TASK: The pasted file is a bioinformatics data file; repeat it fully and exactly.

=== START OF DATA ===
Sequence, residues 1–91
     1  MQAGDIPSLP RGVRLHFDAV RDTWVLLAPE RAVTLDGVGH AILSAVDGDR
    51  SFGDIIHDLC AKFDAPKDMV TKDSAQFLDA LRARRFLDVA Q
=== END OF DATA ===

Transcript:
Sequence, residues 1–91
     1  MQAGDIPSLP RGVRLHFDAV RDTWVLLAPE RAVTLDGVGH AILSAVDGDR
    51  SFGDIIHDLC AKFDAPKDMV TKDSAQFLDA LRARRFLDVA Q